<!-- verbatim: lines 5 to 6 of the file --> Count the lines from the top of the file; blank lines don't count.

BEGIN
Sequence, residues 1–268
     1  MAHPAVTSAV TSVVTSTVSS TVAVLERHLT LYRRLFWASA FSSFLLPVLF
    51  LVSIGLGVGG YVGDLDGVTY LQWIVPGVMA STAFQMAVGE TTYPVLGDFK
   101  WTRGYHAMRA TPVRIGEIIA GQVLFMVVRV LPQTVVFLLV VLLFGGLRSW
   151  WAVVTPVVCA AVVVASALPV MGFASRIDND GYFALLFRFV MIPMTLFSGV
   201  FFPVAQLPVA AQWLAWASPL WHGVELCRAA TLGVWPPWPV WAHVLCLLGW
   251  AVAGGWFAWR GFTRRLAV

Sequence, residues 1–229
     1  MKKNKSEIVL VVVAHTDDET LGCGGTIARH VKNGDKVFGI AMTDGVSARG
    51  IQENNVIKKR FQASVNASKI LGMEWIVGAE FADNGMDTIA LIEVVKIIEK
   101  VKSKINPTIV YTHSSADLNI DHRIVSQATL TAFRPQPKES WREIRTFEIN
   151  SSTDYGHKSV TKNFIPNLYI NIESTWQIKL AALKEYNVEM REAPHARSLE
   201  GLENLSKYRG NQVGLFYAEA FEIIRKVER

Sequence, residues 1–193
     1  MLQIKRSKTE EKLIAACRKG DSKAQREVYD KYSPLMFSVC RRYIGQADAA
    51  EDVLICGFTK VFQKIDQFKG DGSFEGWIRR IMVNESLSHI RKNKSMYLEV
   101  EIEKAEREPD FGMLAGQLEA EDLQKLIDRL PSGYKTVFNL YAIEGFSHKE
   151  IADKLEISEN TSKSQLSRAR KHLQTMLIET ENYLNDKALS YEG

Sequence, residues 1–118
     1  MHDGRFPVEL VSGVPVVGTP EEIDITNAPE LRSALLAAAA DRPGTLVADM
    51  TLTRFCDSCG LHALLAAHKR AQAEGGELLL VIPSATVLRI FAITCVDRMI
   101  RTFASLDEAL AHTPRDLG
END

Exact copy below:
   151  WAVVTPVVCA AVVVASALPV MGFASRIDND GYFALLFRFV MIPMTLFSGV
   201  FFPVAQLPVA AQWLAWASPL WHGVELCRAA TLGVWPPWPV WAHVLCLLGW